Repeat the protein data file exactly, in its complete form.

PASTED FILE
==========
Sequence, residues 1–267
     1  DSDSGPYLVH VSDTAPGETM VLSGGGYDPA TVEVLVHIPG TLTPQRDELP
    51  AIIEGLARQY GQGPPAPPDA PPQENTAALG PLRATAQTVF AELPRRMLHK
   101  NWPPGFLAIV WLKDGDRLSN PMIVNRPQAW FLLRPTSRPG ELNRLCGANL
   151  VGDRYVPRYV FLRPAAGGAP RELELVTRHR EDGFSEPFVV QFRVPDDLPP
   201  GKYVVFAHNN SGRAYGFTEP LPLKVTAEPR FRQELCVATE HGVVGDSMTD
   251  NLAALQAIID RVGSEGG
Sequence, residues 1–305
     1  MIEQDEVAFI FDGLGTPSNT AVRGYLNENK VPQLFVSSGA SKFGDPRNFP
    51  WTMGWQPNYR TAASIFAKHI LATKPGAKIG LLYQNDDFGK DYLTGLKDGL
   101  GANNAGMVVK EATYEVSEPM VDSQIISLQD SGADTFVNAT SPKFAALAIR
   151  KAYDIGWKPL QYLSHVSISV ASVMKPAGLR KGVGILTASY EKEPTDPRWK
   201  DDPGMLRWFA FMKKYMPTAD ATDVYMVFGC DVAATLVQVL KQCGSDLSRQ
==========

Sequence, residues 1–267
     1  DSDSGPYLVH VSDTAPGETM VLSGGGYDPA TVEVLVHIPG TLTPQRDELP
    51  AIIEGLARQY GQGPPAPPDA PPQENTAALG PLRATAQTVF AELPRRMLHK
   101  NWPPGFLAIV WLKDGDRLSN PMIVNRPQAW FLLRPTSRPG ELNRLCGANL
   151  VGDRYVPRYV FLRPAAGGAP RELELVTRHR EDGFSEPFVV QFRVPDDLPP
   201  GKYVVFAHNN SGRAYGFTEP LPLKVTAEPR FRQELCVATE HGVVGDSMTD
   251  NLAALQAIID RVGSEGG
Sequence, residues 1–305
     1  MIEQDEVAFI FDGLGTPSNT AVRGYLNENK VPQLFVSSGA SKFGDPRNFP
    51  WTMGWQPNYR TAASIFAKHI LATKPGAKIG LLYQNDDFGK DYLTGLKDGL
   101  GANNAGMVVK EATYEVSEPM VDSQIISLQD SGADTFVNAT SPKFAALAIR
   151  KAYDIGWKPL QYLSHVSISV ASVMKPAGLR KGVGILTASY EKEPTDPRWK
   201  DDPGMLRWFA FMKKYMPTAD ATDVYMVFGC DVAATLVQVL KQCGSDLSRQ